Significant increase in the annual number of football-related injuries from 1990 to 2007
WEDNESDAY, April 20 (HealthDay News) -- An estimated 5.25 million children and adolescents in the age group 6 to 17 years were treated for football-related injury in U.S. emergency departments from 1990 to 2007, according to a study published in the March issue of Clinical Pediatrics.
Adam D. Nation, M.P.H., from the Research Institute at Nationwide Children's Hospital in Columbus, Ohio, and colleagues examined the epidemiology of football-related injuries among children and adolescents between 6 and 17 years of age treated in U.S. emergency departments between 1990 and 2007. Football-related injuries were identified through the National Electronic Injury Surveillance System database, and national estimates were calculated based on weighted data from these cases.
The investigators found that an estimated 5,252,721 children and adolescents, age 6 to 17 years old, were treated for football-related injuries in U.S. emergency departments from 1990 to 2007. Although the annual number of football-related injuries increased significantly by 26.5 percent, the rate of injury per 1,000 population remained stable during the study period. Fractures, dislocations, and concussions were most likely to result in hospitalization compared to other types of injury. Youth in the 12- to 17-year age group were twice as likely to sustain a concussion, and they accounted for 77.8 percent of all injuries.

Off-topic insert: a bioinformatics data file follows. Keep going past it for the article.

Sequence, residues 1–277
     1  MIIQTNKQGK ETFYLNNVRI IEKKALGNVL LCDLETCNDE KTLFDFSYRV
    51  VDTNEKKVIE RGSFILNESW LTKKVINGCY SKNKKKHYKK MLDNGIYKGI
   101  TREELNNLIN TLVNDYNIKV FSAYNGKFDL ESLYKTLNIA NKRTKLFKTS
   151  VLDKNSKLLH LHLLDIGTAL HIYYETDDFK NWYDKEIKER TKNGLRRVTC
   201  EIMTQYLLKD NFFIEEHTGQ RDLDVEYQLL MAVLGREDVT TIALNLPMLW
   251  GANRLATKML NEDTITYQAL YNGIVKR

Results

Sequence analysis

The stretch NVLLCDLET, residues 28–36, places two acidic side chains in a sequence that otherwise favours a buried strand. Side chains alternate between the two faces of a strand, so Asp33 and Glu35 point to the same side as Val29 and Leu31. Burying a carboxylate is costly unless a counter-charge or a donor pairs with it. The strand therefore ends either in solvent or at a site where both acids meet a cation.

"The occurrence of all football-related injuries rose 26.5 percent, from 274,094 injuries in 1990 to 346,772 in 2007," the authors write. "The findings of our study suggest the need for increased prevention efforts to lower the risk of football-related injury in children and adolescents."
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